Muhammad Ghannam NakiilatIn 2004, Qatar was expanding their production trains of liquefied natural gas and founded Nakilat, the critical transportation link in Qatar’s global LNG value chain, and now the largest owner of LNG carriers worldwide.

At the LNG 17 conference in Houston last week, I met up with Muhammad Ghannam, Nakilat’s Managing Director.

Mr. Ghannam, can you give me a bit of an overview of your company?

Nakilat was founded in 2004 when Qatar decided to go for the expansion of LNG production. At the time, Qatargas was producing more than nine million tons and RasGas was producing slightly more than six million.

With this expansion, Qatar developed the concept of having big ships.  At the time, there wasn’t a specific destination although Qatar was targeting North America, Europe, and the Far East.  From a production standpoint, the vision was to achieve 77 million tons per year.

With this increase in production, it was very difficult to determine how many build slots were needed. We had secured a significant number of slots with the Korean yards to accommodate the expansion of Qatar’s gas production and its new destinations. When we were done however, we ended up building 54 LNG carriers and 4 LPG carriers.  We didn’t go for the conventional 145,000 cubic meter LNG carriers, but we built the Q-Max at 266,000 cbms and the Q-Flex at 210,000-216,000 cbms.

LNG carriers Qatar Nakilat-Keppel Offshore & Marine

Image courtesy Nakilat-Keppel Offshore & Marine

These ships were built targeting destinations across the globe — Asia, Europe and North America.  Supplying the transportation for the gas was part of the vision to allow Qatar along with partners like ExxonMobil, ConocoPhillips, Total and Shell, to manage its LNG value chain from production all the way to receiving units and distribution to customers. Also resulting from this vision was the construction of three terminals to handle the reception and distribution of gas at its destinations: the Golden Pass terminal in the US, the UK’s South Hook, and the Adriatic LNG Terminal in Italy.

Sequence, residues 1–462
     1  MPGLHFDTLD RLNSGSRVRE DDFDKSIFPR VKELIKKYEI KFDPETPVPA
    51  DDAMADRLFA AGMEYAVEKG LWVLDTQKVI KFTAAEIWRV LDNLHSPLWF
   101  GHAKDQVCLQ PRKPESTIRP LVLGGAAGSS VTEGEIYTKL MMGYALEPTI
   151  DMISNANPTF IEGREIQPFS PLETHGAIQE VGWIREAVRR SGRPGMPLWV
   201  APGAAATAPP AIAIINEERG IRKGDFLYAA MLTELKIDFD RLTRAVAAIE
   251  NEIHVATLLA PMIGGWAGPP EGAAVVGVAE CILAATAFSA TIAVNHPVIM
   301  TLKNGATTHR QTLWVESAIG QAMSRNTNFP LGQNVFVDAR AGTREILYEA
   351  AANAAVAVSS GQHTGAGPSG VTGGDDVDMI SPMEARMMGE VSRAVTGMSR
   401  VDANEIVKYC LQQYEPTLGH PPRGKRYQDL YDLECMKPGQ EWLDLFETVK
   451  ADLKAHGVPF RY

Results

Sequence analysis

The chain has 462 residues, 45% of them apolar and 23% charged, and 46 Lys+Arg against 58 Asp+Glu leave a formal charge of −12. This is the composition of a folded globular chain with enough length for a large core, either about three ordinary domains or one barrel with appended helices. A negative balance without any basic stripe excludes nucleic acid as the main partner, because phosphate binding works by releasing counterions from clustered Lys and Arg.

At the beginning, we sought to grow our fleet through partnerships, so the first 29 ships which included 20 Q-Flex and 9 conventional ships were done with partners Maran Gas, Teekay, OSG, ProNav, NYK, K-Line, MOL, Mitsui, INO and others.  We decided that it would bring more benefit to Qatar to own and operate the remaining 25 ships in our fleet, which included the 14 Q-Max.  Operational and technical management of these wholly-owned ships was delegated to Shell.

As of last year, however, Nakilat has taken over the management of the 4 LPG ships. Eventually and in accordance with our contract with Shell, we will be considering taking over the management of our LNG ships in due course.

LNG ship

LNGC Mesaimeer, image: QatarGas

Are you looking at expanding your shipping operations?

We look at it, but we don’t do anything on speculation or on spot.  You might have seen the news that we signed a cooperative agreement recently with Algeria for the co-ownership of two 177k ships and we are talking with the yards right now to meet the needs of this joint venture.

How do you see the evolution of the US gas market affecting your business?

ExxonMobil and Qatar Petroleum (QP) International have signed a MoU expanding their cooperation and looking at evaluating unconventional natural gas resources in North America. This agreement supports QP’s intention to expand its international portfolio and will give Qatar the opportunity to leverage on its strong partnership with ExxonMobil should a successful project result from the signing of this MoU. The success of this initiative will have a positive impact on Nakilat’s growth and expansion outside Qatar in the future.

Potential for more ships?

With the ships we have, we only have the ability to ship 77 million tons, whatever extra volumes will mean more ships.

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